Many argue predestination is incompatible with free-will in that God can’t allow both. It should be said that this controversy between predestination and free-will has been raging in Christian circles for hundreds of years. 

An Answer

Using Scripture and a bit of common sense, the following is my suggestion for the paradox of why God allows sin and how one reconciles predestination with free-will. However, a complete understanding remains an acceptable mystery for the faithful, on this side of the grave.

In the parable of the Laborers in the Vineyard (Matt. 20:1-16), the master of the house paid his laborers the same amount regardless of how long they worked. Jesus explained in Matthew 20:15 the sovereign right God has to make His own decisions on fairness by saying, “Am I not allowed to do what I choose with what belongs to me? Or do you begrudge my generosity?”

In the same way, God has the right to choose when to interject His will into our lives, and when He chooses not to. In the case of most things we do, often (but not always), we have no idea when we are operating under our own free-will and when we are being directed by God.

God often allows us to make free-will decisions because He desires us to love Him, and love can only come from an individual’s free will. If God directed every decision we made throughout life, where would our desire to love Him come from? We would be nothing more than automatons (robots). What would be the point of prayer, witnessing to others, or having His love letter (the Bible) available to read and apply to our lives?

However, just because God knows everything each of us will do or think well before we do or think it (omniscience and omnipresence), and He has the power to change anything He wants (omnipotence), that does not mean He will always choose to do so.

There is at least one significant exception to God’s willingness to allow our free-will.


As sinners, if given a choice, we would never repent and accept God, the Father, and Christ, the Son, as our Lord and our Savior. I believe in this case God, through the Holy Spirit, overcomes our natural human sin nature, dragging us kicking and screaming to the cross, as we acknowledge our sin (Romans 3:23), ask Him to save us (Romans 6:23, 5:8), and accept Him as Lord of our lives (Romans 10:9).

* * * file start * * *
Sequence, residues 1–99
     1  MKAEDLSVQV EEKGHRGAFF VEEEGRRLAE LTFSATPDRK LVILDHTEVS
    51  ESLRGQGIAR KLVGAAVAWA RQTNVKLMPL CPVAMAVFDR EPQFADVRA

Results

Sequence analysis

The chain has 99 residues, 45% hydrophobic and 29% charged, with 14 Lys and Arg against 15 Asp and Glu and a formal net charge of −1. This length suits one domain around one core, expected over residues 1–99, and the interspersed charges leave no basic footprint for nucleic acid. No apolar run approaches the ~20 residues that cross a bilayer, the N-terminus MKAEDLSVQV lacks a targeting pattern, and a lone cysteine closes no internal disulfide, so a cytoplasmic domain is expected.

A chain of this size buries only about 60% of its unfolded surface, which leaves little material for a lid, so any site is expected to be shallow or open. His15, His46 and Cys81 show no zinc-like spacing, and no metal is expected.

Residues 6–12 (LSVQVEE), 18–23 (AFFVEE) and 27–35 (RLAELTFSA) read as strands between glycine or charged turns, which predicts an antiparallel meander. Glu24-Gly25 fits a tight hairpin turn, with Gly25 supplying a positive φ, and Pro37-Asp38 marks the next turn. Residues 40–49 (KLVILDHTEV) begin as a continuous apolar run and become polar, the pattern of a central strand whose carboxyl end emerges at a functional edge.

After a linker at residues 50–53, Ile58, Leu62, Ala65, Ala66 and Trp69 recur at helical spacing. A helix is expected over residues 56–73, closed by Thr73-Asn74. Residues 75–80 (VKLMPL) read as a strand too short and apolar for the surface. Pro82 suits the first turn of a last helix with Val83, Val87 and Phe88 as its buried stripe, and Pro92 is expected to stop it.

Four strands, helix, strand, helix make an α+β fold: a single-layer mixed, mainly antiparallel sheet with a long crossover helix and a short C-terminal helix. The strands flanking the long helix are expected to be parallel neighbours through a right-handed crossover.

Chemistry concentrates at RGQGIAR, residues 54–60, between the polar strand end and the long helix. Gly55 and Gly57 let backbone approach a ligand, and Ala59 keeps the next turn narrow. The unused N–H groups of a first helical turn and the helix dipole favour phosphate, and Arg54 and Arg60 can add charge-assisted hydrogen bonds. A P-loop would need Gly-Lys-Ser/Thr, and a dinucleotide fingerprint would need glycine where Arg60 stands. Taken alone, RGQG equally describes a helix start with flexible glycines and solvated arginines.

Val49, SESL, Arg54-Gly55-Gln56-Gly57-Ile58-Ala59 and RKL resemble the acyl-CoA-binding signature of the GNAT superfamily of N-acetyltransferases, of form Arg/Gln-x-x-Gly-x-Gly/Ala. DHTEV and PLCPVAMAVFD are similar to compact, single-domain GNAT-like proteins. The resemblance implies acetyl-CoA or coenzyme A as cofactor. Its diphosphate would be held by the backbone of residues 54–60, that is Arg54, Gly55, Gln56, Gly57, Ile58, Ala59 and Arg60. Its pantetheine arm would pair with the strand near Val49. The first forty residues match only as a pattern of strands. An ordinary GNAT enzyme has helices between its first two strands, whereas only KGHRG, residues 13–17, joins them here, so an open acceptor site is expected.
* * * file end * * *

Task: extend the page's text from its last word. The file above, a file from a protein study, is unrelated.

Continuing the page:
There are many verses in Scripture which support this position.

  • Romans 8:29 For those God foreknew he also predestined to be conformed to the likeness of his Son, that he might be the firstborn among many brothers.
  • Ephesians 1:4 For he chose us in him before the creation of the world to be holy and blameless in his sight. In love
  • John 6:44 “No one can come to me unless the Father who sent me draws him, and I will raise him up at the last day.

A Caution

This concept that God has already decided who will be saved and who will be lost can lead to a feeling that there is no need to share our faith as Biblical Christians. This is an unacceptable and theologically unsupportable position in which some who believe in predestination can become trapped.

So how do we reconcile God’s predestination of those who will be saved while still supporting the Great Commission (Matt. 28:19-20)?

The answer is simple. No one knows what God knows. He calls each of us to spread the Good News (Acts 1:8) to a lost and dying world. Some of our words will fall on poor soil and some on good soil (Matt. 13:4-9). And then the harvest will come. Our responsibility is to sow seeds of faith, hope, and love. God is the harvester who will decide when, who, and how the gathering will take place (1 Corinthians 3:6-7).


So the question we started with was, “Why does God allow sin”?

The answer is that it is necessary to perfect His will over mankind, which is to allow us to love and honor Him. Sin and evil are sadly necessary to show the opposite – our love for God and His love for us (John 3:16). Adam and Eve likely never understood the concept of love before their fall into sin. Free-will is not free if there are no good vs. bad choices. In Heaven, we will be without sin, but we will have a memory of it and how God offered us His Son as full payment for our sins. Our worship and love of God will emanate from what He did for us through His Son on the cross.

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AuthorJeff Hilles | BCWorldview.org